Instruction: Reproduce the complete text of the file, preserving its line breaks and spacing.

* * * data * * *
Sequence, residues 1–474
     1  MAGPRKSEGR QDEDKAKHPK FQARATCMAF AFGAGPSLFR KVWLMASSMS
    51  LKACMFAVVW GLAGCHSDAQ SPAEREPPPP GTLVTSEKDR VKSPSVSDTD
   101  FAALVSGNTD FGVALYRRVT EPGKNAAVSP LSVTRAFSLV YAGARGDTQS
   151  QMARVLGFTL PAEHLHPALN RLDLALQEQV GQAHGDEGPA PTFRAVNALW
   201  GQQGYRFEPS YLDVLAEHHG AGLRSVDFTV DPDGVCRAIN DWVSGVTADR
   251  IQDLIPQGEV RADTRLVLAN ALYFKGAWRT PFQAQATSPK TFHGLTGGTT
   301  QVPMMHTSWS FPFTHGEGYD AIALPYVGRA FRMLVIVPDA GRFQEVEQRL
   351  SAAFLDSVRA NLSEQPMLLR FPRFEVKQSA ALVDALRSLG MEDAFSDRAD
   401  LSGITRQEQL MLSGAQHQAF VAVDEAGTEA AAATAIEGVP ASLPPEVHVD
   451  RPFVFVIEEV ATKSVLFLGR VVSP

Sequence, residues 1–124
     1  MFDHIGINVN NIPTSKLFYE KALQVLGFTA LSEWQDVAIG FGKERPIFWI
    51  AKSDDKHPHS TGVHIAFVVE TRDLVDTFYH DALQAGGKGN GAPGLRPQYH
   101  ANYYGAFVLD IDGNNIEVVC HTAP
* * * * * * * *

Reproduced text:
Sequence, residues 1–474
     1  MAGPRKSEGR QDEDKAKHPK FQARATCMAF AFGAGPSLFR KVWLMASSMS
    51  LKACMFAVVW GLAGCHSDAQ SPAEREPPPP GTLVTSEKDR VKSPSVSDTD
   101  FAALVSGNTD FGVALYRRVT EPGKNAAVSP LSVTRAFSLV YAGARGDTQS
   151  QMARVLGFTL PAEHLHPALN RLDLALQEQV GQAHGDEGPA PTFRAVNALW
   201  GQQGYRFEPS YLDVLAEHHG AGLRSVDFTV DPDGVCRAIN DWVSGVTADR
   251  IQDLIPQGEV RADTRLVLAN ALYFKGAWRT PFQAQATSPK TFHGLTGGTT
   301  QVPMMHTSWS FPFTHGEGYD AIALPYVGRA FRMLVIVPDA GRFQEVEQRL
   351  SAAFLDSVRA NLSEQPMLLR FPRFEVKQSA ALVDALRSLG MEDAFSDRAD
   401  LSGITRQEQL MLSGAQHQAF VAVDEAGTEA AAATAIEGVP ASLPPEVHVD
   451  RPFVFVIEEV ATKSVLFLGR VVSP

Sequence, residues 1–124
     1  MFDHIGINVN NIPTSKLFYE KALQVLGFTA LSEWQDVAIG FGKERPIFWI
    51  AKSDDKHPHS TGVHIAFVVE TRDLVDTFYH DALQAGGKGN GAPGLRPQYH
   101  ANYYGAFVLD IDGNNIEVVC HTAP